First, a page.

I don’t remember too much about High School, but one of the things I do remember is that the English Department in our school managed to invite some of the major Scottish poets of the 20thcentury to visit our year group and give us talks on their poems.
These poets seemed, I remember, each of them to be slightly shy, introverted and diffident men, maybe not the best of communicators to 16/17years old, but what they said and certainly their presence, I remember, even after these many years, to have had a profound impact on me and maybe many others who attended those classes.
One of the most impressive people that came I recall was Edwin Morgan, a Glasgow poet, not long dead. He chose to speak about a poem he wrote in 1963 called King Billy, which sounds to our ears very modern. It’s about Billy Fullerton who was leader of a Bridgeton gang who possessed and used knives in the city of Glasgow in the 1930s.
The poem is set at his funeral on a dark and rainy day in Riddrie cemetery. All his people are there with their flags, their drums and pipes – all these people came from the same hungry and poor background as himself and all of them turned like him to violence, hatred and brutality; a sectarian violence which is well known to us in our city. The poem recalls that violence, the violence of the 1930’s, and their gang warfare was ended by the great Scottish Chief Constable of Glasgow at the time, Percy Sillitioe, who later went on to become the head of MI5. He is credited with breaking up these gangs and making sure that long sentences were handed down to those who were involved in knife crimes.
The poem is a sad poem which regrets violence and wasted lives. The poem ends with a memorable line as the mourners disperse: “Go from the grave. The shrill flutes are silent, the march dispersed. Deplore what is to be deplored and then find out the rest”.
The final lines are an invitation to see that this violence doesn’t come from nowhere. It comes from poverty, empty bellies, no hope, no prospects – this violence emerges from dark things and feeds off of them.
The recent knife violence, which we have heard about happening in London and in major cities in England, comes from the same place. From gangs perhaps with different names from ones that are know to us in our city. But it comes from the same kind of people, people who draw invisible lines between communities that cannot be crossed. It is violence that is drug fuelled, alcohol fuelled, poverty fuelled; fuelled by no prospects and no hope. It’s the kind of violence which is not simply grown overnight but which has been festering away for some time, underneath the surface.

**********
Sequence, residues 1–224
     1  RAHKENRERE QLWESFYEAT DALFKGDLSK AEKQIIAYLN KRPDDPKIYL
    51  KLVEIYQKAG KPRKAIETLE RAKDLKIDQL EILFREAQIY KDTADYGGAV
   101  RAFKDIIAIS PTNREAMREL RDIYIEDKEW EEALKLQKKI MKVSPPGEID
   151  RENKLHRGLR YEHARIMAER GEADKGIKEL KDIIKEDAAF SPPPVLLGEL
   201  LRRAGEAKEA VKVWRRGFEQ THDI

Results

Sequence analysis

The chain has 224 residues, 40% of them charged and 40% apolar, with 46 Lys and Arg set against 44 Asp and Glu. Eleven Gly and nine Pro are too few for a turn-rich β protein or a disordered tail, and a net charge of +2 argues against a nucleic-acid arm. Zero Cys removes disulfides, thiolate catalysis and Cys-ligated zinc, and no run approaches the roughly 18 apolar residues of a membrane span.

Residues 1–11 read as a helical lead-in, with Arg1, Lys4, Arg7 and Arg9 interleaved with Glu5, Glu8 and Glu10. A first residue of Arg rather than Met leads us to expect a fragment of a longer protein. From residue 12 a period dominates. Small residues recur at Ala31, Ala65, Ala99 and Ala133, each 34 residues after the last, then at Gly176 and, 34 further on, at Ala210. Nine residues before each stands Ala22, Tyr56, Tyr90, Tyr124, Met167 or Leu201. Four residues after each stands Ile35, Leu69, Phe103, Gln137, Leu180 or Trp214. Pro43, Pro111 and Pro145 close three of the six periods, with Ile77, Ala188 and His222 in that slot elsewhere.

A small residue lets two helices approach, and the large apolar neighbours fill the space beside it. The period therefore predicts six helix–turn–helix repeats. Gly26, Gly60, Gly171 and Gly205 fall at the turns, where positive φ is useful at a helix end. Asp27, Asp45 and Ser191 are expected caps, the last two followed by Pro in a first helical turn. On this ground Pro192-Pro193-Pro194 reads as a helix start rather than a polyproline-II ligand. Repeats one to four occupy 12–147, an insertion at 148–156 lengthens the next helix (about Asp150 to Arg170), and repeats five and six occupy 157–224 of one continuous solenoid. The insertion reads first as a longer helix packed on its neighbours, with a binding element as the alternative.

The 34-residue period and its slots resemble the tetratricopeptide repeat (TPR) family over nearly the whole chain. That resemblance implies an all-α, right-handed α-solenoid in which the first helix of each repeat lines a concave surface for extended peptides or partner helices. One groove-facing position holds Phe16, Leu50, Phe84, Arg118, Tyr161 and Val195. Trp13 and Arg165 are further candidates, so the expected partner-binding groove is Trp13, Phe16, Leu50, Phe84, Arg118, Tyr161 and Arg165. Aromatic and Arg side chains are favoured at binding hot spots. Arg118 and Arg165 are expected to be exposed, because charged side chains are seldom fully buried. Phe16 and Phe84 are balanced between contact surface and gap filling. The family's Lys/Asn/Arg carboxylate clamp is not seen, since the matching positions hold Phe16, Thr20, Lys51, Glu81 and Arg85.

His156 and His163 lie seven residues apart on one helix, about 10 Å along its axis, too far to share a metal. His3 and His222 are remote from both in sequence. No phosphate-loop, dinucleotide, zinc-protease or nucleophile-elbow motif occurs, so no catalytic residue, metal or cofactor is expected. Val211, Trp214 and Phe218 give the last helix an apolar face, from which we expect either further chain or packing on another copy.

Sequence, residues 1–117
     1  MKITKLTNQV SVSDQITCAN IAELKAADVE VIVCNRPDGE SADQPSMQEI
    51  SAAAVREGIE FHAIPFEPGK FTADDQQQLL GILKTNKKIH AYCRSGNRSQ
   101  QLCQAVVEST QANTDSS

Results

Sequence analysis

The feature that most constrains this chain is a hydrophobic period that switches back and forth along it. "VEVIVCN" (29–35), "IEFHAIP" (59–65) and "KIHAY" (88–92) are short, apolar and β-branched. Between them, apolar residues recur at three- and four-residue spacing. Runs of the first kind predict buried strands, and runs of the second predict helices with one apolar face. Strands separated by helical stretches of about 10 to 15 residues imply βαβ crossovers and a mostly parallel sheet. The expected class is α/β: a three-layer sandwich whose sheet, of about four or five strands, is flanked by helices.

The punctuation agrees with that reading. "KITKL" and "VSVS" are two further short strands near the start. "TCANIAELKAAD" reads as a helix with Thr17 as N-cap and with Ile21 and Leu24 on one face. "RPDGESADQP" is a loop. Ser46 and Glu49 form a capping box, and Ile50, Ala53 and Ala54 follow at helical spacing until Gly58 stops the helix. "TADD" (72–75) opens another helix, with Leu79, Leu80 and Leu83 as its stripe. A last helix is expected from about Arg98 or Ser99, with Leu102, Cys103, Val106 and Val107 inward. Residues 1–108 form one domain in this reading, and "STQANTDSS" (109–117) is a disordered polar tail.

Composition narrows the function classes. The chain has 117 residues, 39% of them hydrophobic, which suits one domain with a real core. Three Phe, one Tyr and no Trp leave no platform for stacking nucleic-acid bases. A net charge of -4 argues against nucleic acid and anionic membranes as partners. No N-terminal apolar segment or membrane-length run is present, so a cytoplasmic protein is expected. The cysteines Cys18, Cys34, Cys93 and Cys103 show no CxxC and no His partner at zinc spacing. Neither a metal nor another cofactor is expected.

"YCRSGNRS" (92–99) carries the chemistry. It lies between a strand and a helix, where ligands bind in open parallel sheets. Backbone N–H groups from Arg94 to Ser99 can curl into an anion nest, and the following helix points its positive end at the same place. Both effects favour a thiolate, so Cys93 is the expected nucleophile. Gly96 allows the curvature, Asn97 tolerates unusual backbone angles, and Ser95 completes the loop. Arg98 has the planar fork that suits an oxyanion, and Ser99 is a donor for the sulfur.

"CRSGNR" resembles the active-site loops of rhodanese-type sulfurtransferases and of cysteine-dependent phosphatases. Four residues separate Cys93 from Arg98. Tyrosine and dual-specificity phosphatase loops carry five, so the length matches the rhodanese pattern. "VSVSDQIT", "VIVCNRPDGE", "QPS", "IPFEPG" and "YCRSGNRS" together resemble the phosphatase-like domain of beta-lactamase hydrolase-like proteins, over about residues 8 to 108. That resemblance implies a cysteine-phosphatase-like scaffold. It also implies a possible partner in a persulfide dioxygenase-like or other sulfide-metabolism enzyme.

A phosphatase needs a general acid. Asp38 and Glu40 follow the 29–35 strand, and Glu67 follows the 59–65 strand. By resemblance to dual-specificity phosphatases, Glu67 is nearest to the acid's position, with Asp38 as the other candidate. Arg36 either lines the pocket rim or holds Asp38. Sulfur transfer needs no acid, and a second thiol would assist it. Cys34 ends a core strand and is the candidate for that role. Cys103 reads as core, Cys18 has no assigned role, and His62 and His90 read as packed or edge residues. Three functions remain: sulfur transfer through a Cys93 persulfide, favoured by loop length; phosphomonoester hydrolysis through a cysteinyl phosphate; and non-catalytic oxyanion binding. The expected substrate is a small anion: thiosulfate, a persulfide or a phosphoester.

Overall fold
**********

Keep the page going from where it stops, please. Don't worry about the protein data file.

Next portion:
Morgan’s final lines are telling – Deplore what is to be deplored and then find out the rest. The knife violence is really only a symptom of something else, some outer manifestation of a problem that had deeper roots, that lies deep down, that tells us that something in people and in society is not working, not functioning and not doing well. It’s maybe the outward manifestation of long years of poor housing, poor prospects, people trapped in poverty – all of these things that eventually erupt onto the surface and end up being played out even in the children of a new generation.
The Second Sunday of Easter sees us looking at the risen Jesus, we are face-to-face with him, as Thomas and the other disciples are. They look at him and we, in a sense, look at him too through their eyes. We see his crucified body but also his risen body. We see he too bears the wounds of a terrible “knife-attack”. His hands and feet are pierced through, in his side is a gaping wound, on his head and body are the wounds of someone who has been badly set upon. His body reminds us of many of those young men who also have been set upon by individuals or often by crowds who appear like a pack of dogs. Jesus’ wounds are real like theirs wounds are real. Jesus’ pain was real, as we know their pain was real. The fact that these wounds contributed to his death is incontrovertible, as their wounds also led to their deaths.
The death of the holiest one reproduces and replays the death of many who die in the most terrible way in the streets of our city. His death is a death for all and in a special way for those who like him are pierced with the knife, run through with the lance, those whose deaths are brutal senseless and are the result of mindless violence.
But the wounds of Jesus are different, his body is different and he is different – he is not the lifeless corpse in the tomb. As Thomas touches these wounds they are different, they are marks were the nails make, they are scars were the lance ran through, but they are transformed. The marks are there but he is healed. The death that came after them is no longer there also. He is transformed and risen.
He has transformed everything in his death - even the evil that is inflicted on him by this attack, by these blows, by these nails, by this lance, by this cross. He transforms everything by the mystery of his love, he casts out the evil, triumphs over it. The knives are sharp and the evil terrible but it doesn’t have the last word, the last word is his love. His love conquers death, his love conquers evil.
There is a terrible cloud that seems to descend when we hear of those stabbings, those wounded and those who lose their lives. We sense the pointlessness of it and the savagery. It is as if people have lost their mind.
This Sunday we are reminded that evil doesn’t have the last word. In the resurrection, the last word is his love. The apostles are rendered speechless by his presence among them. They know that his appearance among them, speaks of love that has triumphed over all evil. He asks them to doubt no longer but to believe.